What a Poor Filipino Boy Taught Me

Written by Alex Applegate

It was hot. Very, very hot. And not just some dry Ohio heat. It was damp, dripping sweat, muggy, swamp Filipino heat. Playing games with 20 Filipino kids probably didn’t help.

We were playing Monster, or hamilaw in Tagalog. I would chase all 20 of them down the dirt road with my scary monster hands and scary monster face and they would run as fast as they could giggling and screaming with excitement. Once I was able to catch a few of the kids and throw them into the air, they would turn around and chase me with all their tiny, scary monster hands stretched out ready to catch me.

My team and I were in a small, swamp city called Angono right outside of Manila, Philippines. We drove there twice a week with two huge bins of lugaw — or blazing hot, nutritional stew — to spoon out to all the kids we could. After all the stew was gone, we would stick around and play with the kids, check their hair for lice, lead Bible studies with their parents, and any other need we saw there.

In The Philippines, I had the privilege of leading Bible studies with these sweet girls. Saturday afternoons with these girls were some of my favorite memories. | Photo by Kate Kelly
In The Philippines, I had the privilege of leading Bible studies with these sweet girls. Saturday afternoons with these girls were some of my favorite memories. | Photo by Kate Kelly

I loved this game and these kids, don’t get me wrong. But in this heat and with my lacking athleticism, I was very sweaty and tired. My hair was sticking to the back of my neck and my throat was aching for some water.

The game slowed down as I did and the kids started their own games. One little boy who had been playing with us noticed my fatigue. He approached me confidently and adorably and grabbed my hand. What a charmer.

Ano ang pangalan mo?” I asked what his name was with one of the few Tagalog phrases I knew.

Dagool,” he answered simply and flashed his teeth at me. He started walking, dragging me along and not giving me any options. He moved easily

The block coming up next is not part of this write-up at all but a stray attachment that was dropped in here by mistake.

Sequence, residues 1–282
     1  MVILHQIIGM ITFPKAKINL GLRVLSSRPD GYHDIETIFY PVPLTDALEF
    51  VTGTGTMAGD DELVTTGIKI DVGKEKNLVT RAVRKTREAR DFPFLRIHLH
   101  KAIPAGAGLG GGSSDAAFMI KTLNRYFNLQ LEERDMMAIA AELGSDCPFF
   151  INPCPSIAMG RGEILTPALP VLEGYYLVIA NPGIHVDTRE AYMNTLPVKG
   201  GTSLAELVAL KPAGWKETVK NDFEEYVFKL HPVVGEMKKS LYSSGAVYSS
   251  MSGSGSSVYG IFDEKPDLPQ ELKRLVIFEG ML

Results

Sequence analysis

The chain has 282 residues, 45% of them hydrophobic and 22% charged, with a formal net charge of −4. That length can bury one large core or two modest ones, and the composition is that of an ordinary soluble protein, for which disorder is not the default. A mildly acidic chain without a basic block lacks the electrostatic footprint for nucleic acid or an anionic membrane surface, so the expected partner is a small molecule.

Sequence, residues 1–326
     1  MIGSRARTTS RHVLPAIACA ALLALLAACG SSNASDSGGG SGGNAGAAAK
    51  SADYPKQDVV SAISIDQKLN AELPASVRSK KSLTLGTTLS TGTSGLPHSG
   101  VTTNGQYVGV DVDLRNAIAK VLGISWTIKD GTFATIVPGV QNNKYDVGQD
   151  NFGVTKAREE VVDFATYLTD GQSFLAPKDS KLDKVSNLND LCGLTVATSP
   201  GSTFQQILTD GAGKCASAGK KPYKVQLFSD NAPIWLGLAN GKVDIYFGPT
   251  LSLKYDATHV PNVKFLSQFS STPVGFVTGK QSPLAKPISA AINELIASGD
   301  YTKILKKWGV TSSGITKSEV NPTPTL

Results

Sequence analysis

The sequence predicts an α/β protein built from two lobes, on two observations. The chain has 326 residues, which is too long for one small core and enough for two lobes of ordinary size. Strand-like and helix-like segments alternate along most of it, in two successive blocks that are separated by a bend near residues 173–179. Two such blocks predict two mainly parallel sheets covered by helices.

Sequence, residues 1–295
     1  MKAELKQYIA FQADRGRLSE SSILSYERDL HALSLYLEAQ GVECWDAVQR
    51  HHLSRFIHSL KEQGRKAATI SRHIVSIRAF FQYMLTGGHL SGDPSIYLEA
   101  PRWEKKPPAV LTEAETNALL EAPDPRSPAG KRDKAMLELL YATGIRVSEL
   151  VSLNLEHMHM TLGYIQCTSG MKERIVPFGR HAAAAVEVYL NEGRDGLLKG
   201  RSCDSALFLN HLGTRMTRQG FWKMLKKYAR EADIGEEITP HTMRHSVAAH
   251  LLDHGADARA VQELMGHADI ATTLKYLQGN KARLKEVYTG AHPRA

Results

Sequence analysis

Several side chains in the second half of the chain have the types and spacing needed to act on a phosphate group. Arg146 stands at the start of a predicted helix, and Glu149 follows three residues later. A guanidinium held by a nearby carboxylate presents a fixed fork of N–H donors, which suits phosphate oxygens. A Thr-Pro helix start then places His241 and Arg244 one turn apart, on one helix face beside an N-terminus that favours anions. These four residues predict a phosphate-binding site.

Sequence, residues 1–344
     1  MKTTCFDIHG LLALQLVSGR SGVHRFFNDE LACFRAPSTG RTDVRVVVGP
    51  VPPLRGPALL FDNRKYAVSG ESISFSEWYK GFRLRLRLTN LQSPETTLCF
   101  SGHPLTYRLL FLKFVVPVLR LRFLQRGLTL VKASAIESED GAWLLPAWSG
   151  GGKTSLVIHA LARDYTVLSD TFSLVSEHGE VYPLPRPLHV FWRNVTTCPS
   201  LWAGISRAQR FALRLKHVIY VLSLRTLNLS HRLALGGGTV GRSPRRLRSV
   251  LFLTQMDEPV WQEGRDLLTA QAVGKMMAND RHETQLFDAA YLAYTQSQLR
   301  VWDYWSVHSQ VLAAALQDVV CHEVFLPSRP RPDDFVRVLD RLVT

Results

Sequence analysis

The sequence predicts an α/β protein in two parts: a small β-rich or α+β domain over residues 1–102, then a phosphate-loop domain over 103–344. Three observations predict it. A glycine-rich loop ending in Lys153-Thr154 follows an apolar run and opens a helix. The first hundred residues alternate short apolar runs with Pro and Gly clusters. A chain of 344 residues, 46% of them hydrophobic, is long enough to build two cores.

Dagool and I cheesing after a grueling game of monster. He is throwing a sign that means 'handsome' in Filipino culture. I only got to see him one other time after this day. | Photo by Kate Kelly
Dagool and I cheesing after a grueling game of monster. He is throwing a sign that means ‘handsome’ in Filipino culture. I only got to see him one other time after this day. | Photo by Kate Kelly

through the small alleys and swampy streets even though he wasn’t wearing shoes on this tricky terrain. I slipped a few times in my $100 ‘best in class adventure sandals.’ He stopped at a small shack made of aluminum and wood panels.

He opened the door and led me into his one room house without letting go of my fingers. He pointed to the only chair in the room and nodded at me until I sat down. Dagool turned on the small fan sitting on the dirt floor and rotated it until he saw the air moving my hair. Light streamed through holes in the roof and illuminated the dark room.

Dagool started to run around the room and picked up all of his toys to bring them to me, gesturing widely and talking excitedly about whatever he was holding. He handed me toy after toy and I saw his eyes light up with each one. Small trucks, paper airplanes, figurines, and bottles were thrown into my lap as he spoke about each one. I wanted so badly to know what he was saying but I just smiled and nodded.

He must have seen that I was still very hot and sweaty because he opened the tiny fridge in the corner and pulled out the only bottle of Coke. Dagool poured it in a plastic cup and held it out to me until I took it. I held the cup with both hands and shook my head trying to give it back to him. I couldn’t take his only Coke- which was pretty much water here. He firmly shook his head and gestured to a poster of Jesus on the wall.  

He began to speak with passion and and love. Dagool’s eyes glowed and he pointed to the cup and pointed to his heart with the sweetest smile on his face. He talked about Jesus until I drank every drop.

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